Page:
How Long Does a Divorce in WA Take?

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The minimum amount of time that is required for a divorce to be final can vary from state to state.  In some states, like New Hampshire, a divorce can be final in a couple of weeks; other states have a mandatory waiting period that can exceed six months.

A Washington divorce will take a minimum of three months, but many divorces take longer. The waiting period for divorce in Washington State is 90 days. The waiting period begins when the divorce action is first filed. If both parties agree on all aspects of the divorce, including child custody, division of assets and debts, spousal support payments, and any other issues that are relevant, the a judge can sign their divorce decree after three months, thereby finalizing the divorce.

The amount of paperwork involved in a divorce.

Unfortunately for many men, the end of their marriage is often not amicable. The result is a divorce process that exceeds six months. Divorces that are contentious will often require not only additional time, but also additional resources. The more complicated the divorce, the more likely you will need to enlist the help of other professionals in addition to your attorney.

The two most common specialists needed in a divorce are: Guardian ad Litem, and a forensic accountant. The more complex your situation, the more likely it is that you will need to enlist additional help.

What does a Guardian ad Litem do?

Guardian ad Litem

A guardian ad litem (GAL) is a court appointed advocate for your child (or children). Their job is to protect the interests and well being of you kids throughout the divorce.  As an officer of the court the GAL is required to remain independent, avoid conflicts of interest, be informed about the case, and conduct themselves in a professional manner.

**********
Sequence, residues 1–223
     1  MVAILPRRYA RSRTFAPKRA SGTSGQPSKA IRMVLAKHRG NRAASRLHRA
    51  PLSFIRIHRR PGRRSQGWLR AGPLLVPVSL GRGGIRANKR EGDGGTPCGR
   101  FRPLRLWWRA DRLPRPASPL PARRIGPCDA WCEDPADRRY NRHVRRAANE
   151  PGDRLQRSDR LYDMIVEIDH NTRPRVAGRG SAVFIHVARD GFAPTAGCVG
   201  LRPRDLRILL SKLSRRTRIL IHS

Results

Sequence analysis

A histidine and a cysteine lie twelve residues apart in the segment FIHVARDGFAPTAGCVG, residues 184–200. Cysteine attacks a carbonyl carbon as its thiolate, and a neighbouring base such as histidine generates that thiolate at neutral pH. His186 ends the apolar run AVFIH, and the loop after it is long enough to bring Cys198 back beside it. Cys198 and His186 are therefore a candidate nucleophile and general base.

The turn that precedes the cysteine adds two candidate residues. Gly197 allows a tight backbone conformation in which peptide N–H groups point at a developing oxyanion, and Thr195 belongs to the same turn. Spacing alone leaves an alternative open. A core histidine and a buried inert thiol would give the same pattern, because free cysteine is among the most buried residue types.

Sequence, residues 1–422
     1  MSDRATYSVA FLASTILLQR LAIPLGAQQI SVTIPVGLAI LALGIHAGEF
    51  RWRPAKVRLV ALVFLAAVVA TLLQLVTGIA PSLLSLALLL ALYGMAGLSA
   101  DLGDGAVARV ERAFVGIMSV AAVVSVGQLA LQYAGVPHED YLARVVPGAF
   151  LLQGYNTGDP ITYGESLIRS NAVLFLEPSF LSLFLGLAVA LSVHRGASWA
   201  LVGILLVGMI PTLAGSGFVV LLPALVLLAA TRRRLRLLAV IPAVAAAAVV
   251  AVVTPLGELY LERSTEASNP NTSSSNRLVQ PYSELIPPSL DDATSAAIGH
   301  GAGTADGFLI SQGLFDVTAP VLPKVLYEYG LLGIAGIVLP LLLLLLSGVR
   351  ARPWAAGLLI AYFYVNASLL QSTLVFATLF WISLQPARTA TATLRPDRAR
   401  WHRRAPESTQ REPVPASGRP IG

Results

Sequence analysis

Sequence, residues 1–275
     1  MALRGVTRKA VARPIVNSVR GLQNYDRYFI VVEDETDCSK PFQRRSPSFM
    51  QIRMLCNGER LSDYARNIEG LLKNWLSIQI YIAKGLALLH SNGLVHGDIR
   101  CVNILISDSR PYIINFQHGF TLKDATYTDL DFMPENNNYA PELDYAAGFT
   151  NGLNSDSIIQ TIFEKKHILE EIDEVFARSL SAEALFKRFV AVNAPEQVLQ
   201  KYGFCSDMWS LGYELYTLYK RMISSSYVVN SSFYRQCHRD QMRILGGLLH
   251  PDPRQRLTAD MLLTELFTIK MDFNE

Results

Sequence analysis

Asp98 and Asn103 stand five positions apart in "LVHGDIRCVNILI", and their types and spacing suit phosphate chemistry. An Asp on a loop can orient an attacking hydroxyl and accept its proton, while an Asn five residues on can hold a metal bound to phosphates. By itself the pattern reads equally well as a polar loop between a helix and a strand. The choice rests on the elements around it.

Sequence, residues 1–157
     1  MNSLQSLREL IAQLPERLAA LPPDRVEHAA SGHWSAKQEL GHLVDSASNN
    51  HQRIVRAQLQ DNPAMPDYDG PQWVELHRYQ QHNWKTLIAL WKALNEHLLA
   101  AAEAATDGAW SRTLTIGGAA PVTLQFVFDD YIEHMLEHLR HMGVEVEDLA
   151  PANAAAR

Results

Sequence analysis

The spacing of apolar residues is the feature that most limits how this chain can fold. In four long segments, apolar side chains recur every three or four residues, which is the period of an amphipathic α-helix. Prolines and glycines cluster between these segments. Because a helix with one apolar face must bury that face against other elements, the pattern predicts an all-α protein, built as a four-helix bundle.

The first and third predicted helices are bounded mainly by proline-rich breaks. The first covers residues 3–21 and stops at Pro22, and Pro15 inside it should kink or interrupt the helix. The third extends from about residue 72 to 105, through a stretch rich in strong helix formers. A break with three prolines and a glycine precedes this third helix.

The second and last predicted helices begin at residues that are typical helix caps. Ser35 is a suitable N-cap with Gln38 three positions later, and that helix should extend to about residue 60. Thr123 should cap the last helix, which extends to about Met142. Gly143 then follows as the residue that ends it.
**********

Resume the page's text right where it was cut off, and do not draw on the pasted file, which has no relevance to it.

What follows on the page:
A guardian ad litem will be appointed to a case either by request of one of the parties or by the courts decision. The court will always appoint a GAL in cases that involve substance abuse, domestic violence, or any other situation that poses a threat to the child’s welfare.

What does a Forensic Accountant do?

Forensic Accountant

A forensic accountant is a highly trained profession (frequently a CPA) that uses auditing, accounting, and investigative skills to examine the financial documents and report on those findings in a court of law.

Forensic accountants are used in a plethora of legal disputes. In family law they are most frequently used for valuations of business and retirement accounts. Additionally, forensic accountants can be hired to uncover assets that a spouse may be trying to hide. The more complex the forensic accountant’s investigation, the more time it will add to the length of the divorce.

In the event that a settlement can’t be reached, your divorce will go to trial. When a divorce goes to trial, the case is heard and then a judge determines the outcome. On average, divorces that go to trial can take in excess of one year.

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